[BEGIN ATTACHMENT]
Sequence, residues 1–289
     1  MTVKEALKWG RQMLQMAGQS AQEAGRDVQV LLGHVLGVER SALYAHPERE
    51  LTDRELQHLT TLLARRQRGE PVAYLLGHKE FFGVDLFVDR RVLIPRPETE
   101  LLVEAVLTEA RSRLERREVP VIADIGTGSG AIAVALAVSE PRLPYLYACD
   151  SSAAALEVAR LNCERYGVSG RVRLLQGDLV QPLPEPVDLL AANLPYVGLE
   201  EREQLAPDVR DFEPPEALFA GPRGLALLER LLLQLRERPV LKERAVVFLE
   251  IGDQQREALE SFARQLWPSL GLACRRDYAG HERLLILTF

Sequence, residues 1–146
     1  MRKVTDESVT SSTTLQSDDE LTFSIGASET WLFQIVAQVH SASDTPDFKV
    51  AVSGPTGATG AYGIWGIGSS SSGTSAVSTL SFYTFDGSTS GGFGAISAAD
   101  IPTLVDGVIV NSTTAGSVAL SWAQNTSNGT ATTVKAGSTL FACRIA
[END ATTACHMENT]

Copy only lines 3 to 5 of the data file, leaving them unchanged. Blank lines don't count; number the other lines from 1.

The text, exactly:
    51  LTDRELQHLT TLLARRQRGE PVAYLLGHKE FFGVDLFVDR RVLIPRPETE
   101  LLVEAVLTEA RSRLERREVP VIADIGTGSG AIAVALAVSE PRLPYLYACD
   151  SSAAALEVAR LNCERYGVSG RVRLLQGDLV QPLPEPVDLL AANLPYVGLE